‘Hopefully next year’: City Council declines extending hours of night buses
On Tuesday, Dec. 6, council listened to three strategies that each required diverting service away from other routes, but ultimately directed city staff to keep the bus schedule as is.
“I would like nothing better than to have discovered a solution to this here tonight, but we didn’t,” said council member Joella West.
In the report provided by the transit department, city staff agreed there was a need to run nighttime buses until 3:40 a.m., as opposed to midnight, but after some consideration, they recommended against it this year.
The first option provided would have eliminated parts or all of the Orange Line or Purple Line, which service the resort’s employee housing and the hospital. The second option was eliminating parts or all of ExpreSST, which takes passengers directly from downtown to the mountain.
A third option was to provide 30-minute service on the Red and Green lines during the middle of the day, meaning the 15-minute service intervals offered on the city’s main route would only be offered during the peak hours of the morning and afternoon.
Steamboat Transit Manager Jonathan Flint said each of those options would risk creating capacity issues in some form. Scheduling overtime was also not recommended by city staff.
“An ‘all-hands-on-deck’ approach is best reserved for holidays, emergencies or making it through the end of the season, not for general operations,” reads the recommendation given to council.
Contracting with micro-transit was also discouraged, as city staff felt the limited capacity of vans and shuttles wouldn’t be adequate.
Flint told council members that returning to the city’s previous service levels would require an additional $1.5 million per year, but extending hours of service, specifically, was more of a staffing issue.
Perhaps the biggest concern by the transit department was the effect extended hours would have on the bus drivers, many of whom were hired over the summer and weren’t told they could be driving for several hours past midnight. Meanwhile, the drivers who did work over the summer did so while short-staffed.
“Many staff members have outside commitments, and it is anticipated that some may leave if scheduling changes are made,” staff’s communication to council reads.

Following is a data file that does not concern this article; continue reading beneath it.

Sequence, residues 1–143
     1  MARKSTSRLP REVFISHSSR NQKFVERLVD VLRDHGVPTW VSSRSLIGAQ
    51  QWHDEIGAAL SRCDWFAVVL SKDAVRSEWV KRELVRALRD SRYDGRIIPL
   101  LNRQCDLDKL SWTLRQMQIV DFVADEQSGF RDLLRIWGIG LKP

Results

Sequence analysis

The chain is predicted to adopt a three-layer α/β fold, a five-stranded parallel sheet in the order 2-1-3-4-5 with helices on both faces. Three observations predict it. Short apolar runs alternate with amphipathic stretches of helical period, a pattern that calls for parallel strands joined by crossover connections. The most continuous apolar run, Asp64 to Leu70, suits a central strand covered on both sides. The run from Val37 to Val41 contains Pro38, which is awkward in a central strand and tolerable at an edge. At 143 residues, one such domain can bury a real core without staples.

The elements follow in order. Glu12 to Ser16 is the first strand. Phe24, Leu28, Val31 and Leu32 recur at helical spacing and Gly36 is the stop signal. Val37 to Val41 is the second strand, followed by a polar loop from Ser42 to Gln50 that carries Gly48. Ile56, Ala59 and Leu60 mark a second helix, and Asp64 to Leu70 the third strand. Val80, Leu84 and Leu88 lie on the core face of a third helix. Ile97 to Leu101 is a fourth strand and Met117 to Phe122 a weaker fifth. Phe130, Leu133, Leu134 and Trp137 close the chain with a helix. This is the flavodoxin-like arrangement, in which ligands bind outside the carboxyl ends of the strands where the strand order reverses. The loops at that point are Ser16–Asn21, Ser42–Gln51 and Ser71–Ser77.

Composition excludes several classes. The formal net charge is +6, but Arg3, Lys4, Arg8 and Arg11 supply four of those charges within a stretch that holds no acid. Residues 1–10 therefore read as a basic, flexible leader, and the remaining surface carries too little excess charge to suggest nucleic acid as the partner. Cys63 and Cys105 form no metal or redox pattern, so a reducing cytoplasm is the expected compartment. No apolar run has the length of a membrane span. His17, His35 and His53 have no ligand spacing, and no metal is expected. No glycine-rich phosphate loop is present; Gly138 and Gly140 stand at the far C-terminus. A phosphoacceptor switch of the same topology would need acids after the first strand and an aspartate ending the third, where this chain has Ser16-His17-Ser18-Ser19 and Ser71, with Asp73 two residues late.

Staffing shortages have affected transit departments nationwide, and the city’s ability to reach a full staff this winter was described as a “herculean task” by Flint.
“Why would we poke the bear and risk our 100% staffing, which is phenomenal, and the incredibly hard work that was done to get that?” Council Member Heather Sloop asked her peers.
But members of the community remained concerned the lack of public transit past midnight could have disastrous consequences.
“There’s a lot of people that couldn’t and shouldn’t be walking out and about inebriated in the snow,” said local resident Joe Mansfield during public comments.
He also said that many of the people who work in restaurants and bars downtown would benefit from later bus service.
City Council asked Flint if there’s a possibility for forming partnerships with private transportation companies to help people get home late at night, but he replied saying the city shouldn’t be too optimistic about that approach, as companies like Uber and Lyft aren’t reliable one night to the next and taxi services have shifted their business models toward airport runs.
On that same Tuesday, just hours before council’s discussion, Steamboat Express (formerly Go Alpine) announced it was suspending its local taxi service in Steamboat Springs.
“Hopefully, next year by next May, we can find a solution for this,” said Council Member Ed Briones. “Back to old school.”
To reach Spencer Powell, call 970-871-4229 or email him at spowell@SteamboatPilot.com
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